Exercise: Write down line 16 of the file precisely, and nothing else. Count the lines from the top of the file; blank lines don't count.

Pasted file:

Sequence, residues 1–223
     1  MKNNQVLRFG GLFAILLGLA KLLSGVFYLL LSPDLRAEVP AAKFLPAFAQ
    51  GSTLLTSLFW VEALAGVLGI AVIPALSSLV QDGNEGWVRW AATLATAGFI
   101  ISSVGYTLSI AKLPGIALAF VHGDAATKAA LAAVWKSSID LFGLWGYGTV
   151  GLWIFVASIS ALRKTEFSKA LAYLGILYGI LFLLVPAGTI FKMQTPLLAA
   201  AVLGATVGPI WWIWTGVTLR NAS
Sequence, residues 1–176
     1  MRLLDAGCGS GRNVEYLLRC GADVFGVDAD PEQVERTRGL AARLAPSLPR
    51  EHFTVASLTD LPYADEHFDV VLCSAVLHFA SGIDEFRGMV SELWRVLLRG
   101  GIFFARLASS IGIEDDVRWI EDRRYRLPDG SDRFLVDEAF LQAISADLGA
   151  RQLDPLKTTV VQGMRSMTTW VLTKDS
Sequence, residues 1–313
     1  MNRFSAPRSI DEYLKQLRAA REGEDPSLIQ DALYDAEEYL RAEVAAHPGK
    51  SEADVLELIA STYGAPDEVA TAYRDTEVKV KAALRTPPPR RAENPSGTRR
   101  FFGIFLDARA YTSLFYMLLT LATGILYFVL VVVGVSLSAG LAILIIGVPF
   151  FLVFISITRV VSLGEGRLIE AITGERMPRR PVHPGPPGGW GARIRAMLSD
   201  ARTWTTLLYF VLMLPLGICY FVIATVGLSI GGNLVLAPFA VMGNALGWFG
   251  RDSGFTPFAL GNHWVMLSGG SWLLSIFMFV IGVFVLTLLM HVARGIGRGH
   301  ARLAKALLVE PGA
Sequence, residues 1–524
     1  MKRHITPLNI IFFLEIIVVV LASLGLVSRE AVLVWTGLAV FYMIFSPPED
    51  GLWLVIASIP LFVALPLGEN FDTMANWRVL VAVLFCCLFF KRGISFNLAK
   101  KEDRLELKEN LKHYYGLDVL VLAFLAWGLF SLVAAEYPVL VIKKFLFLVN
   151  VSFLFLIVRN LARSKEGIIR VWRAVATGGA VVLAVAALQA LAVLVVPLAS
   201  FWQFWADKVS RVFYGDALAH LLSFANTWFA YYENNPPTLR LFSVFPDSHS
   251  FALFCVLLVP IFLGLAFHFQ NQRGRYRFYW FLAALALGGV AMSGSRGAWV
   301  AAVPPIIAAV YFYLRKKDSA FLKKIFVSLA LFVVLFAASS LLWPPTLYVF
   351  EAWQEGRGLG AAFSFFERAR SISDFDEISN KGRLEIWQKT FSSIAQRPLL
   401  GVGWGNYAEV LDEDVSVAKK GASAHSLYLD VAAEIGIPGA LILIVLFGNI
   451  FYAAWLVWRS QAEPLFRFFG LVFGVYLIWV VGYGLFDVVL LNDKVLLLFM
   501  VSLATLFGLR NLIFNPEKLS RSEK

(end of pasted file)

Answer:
   151  FLVFISITRV VSLGEGRLIE AITGERMPRR PVHPGPPGGW GARIRAMLSD